Sydney Opera House Concert Hall, Sydney
October 2, 2014
By Renata Ogayar of Dance Informa.
Cirque Éloize’s Cirkopolis was a delightful treat that left the audience pining for more at Sydney Opera House on opening night.
Underpinned by its innovative nature, Montreal’s Cirque Éloize explores issues of humanity and theatricality through the forms of circus art, dance and music, resulting in a tasteful display of visual poetry.
The multidisciplinary troupe is made up of 12 talented and technical performers, with diverse skills ranging from Chinese Pole to Banquine and teeterboard to juggling to the German Wheel to contortionism and dance to trapeze to hand to hand to the Cyr Wheel (a large metal hoop where the acrobat maneuvers the wheel from inside) to straps and clowning.
Delectable and daring, each act out did the other. The straps artist, Ugo Laffolay of France, delivered a handsome performance demonstrating control, flexibility and endurance as he lifted himself up into the air, twisting and contorting his body from one position to another with flawless transitions. Canadian contortionist and trapeze artist Myriam Deraiche elegantly took the stage, demonstrating grace and beauty with her naturally long limbs and gifted flexibility. Although some linking steps and balances were questionable, her male partners maintained a delicate manner in their partner work.
Such gentle and seamless partnering was executed in simplistic, yet visually interesting, choreography, which was accompanied by a dreamy piano score. A group of male dancers were laid on the ground in a circle, creating a path with their hands as Deraiche lightly strolled across. This continued as they peeled around and repositioned at a higher level in a cyclic motion until they were completely upright, allowing her to finish above head height supported by one foot in a perfect 180 degree side split.
Such grace was matched by sheer muscular fortitude by a group of male performers who demonstrated coordination and control on and in the German Wheel. Jaw-dropping acts performed on the Chinese Pole left the audience gasping for air and applauding after each trick.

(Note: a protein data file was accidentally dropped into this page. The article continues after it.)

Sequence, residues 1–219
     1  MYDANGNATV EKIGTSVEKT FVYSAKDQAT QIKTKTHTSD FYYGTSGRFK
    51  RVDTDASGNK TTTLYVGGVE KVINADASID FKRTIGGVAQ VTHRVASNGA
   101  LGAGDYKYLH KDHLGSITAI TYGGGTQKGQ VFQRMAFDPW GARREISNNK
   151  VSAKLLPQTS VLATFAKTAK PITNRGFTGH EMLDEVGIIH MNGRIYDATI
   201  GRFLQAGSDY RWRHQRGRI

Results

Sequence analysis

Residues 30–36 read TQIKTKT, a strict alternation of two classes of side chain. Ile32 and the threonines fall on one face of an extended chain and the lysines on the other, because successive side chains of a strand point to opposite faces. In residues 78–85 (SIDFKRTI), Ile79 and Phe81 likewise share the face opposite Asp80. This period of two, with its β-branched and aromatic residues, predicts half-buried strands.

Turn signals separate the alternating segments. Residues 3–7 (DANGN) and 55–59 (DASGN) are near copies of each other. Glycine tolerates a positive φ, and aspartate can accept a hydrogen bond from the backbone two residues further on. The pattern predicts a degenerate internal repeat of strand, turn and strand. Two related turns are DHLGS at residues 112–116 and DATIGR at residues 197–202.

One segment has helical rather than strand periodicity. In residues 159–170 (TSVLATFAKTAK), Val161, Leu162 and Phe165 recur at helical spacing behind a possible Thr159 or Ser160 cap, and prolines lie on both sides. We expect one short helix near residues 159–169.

Each act was well polished, grounded and perfectly timed, which effectively drew the viewer into the fantasy world in which Cirkopolis had created. For those looking closely, only a few transitions jolted the viewer back out into reality.
The stylistic thread throughout each act was inspired by the 1920s. Subtleties of the era were found in the costumes. Others were found in the moments interjected with swing music and dancing, all enveloped with Cirkopolis flair.
Grey, silver and tainted green graphics of the industrial movement were simultaneously projected onto the backdrop, creating the juxtaposition between the fanciful world of the 1920s and grit and weight of the industrialized reality. Transitions in and out of each scene were splashed with colour, not only with the textures found in the lighting design and dynamics in the music, but also through the humorous clowning, which effectively received a great reaction from the audience.
Cirkopolis embraces the power of imagination through the expression of the human body. It was the journey of one’s mind in the pursuit for identity in this world and the fascination of allowing one’s inner child to come alive and explore the world of dreams. Nevertheless, it allowed one to just exist and be elated.
The entertaining and awe-inspiring Cirkopolis only stopped in Sydney for a short time. However, it remains an award-winning circus spectacular for all ages.
Photo (top): Cirkopolis. Photo by Valerie Remise.